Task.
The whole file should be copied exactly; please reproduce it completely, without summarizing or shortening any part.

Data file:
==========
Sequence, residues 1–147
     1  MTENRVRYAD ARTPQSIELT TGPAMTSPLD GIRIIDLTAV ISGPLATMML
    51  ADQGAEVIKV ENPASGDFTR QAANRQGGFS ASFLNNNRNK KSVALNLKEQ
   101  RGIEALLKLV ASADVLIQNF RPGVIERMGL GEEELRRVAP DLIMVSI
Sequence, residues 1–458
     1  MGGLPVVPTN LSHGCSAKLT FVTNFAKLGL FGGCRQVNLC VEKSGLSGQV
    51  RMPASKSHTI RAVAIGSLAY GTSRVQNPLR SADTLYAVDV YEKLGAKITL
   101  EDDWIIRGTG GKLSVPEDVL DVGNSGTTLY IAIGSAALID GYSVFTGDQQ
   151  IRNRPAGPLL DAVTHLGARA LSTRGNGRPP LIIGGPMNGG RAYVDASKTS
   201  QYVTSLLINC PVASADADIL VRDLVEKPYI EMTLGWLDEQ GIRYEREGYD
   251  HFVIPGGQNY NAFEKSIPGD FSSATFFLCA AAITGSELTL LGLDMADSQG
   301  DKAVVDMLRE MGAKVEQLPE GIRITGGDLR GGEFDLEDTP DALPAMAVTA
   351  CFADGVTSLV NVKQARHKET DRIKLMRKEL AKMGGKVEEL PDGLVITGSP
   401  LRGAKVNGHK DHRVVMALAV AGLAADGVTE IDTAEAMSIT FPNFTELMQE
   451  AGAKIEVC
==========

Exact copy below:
Sequence, residues 1–147
     1  MTENRVRYAD ARTPQSIELT TGPAMTSPLD GIRIIDLTAV ISGPLATMML
    51  ADQGAEVIKV ENPASGDFTR QAANRQGGFS ASFLNNNRNK KSVALNLKEQ
   101  RGIEALLKLV ASADVLIQNF RPGVIERMGL GEEELRRVAP DLIMVSI
Sequence, residues 1–458
     1  MGGLPVVPTN LSHGCSAKLT FVTNFAKLGL FGGCRQVNLC VEKSGLSGQV
    51  RMPASKSHTI RAVAIGSLAY GTSRVQNPLR SADTLYAVDV YEKLGAKITL
   101  EDDWIIRGTG GKLSVPEDVL DVGNSGTTLY IAIGSAALID GYSVFTGDQQ
   151  IRNRPAGPLL DAVTHLGARA LSTRGNGRPP LIIGGPMNGG RAYVDASKTS
   201  QYVTSLLINC PVASADADIL VRDLVEKPYI EMTLGWLDEQ GIRYEREGYD
   251  HFVIPGGQNY NAFEKSIPGD FSSATFFLCA AAITGSELTL LGLDMADSQG
   301  DKAVVDMLRE MGAKVEQLPE GIRITGGDLR GGEFDLEDTP DALPAMAVTA
   351  CFADGVTSLV NVKQARHKET DRIKLMRKEL AKMGGKVEEL PDGLVITGSP
   401  LRGAKVNGHK DHRVVMALAV AGLAADGVTE IDTAEAMSIT FPNFTELMQE
   451  AGAKIEVC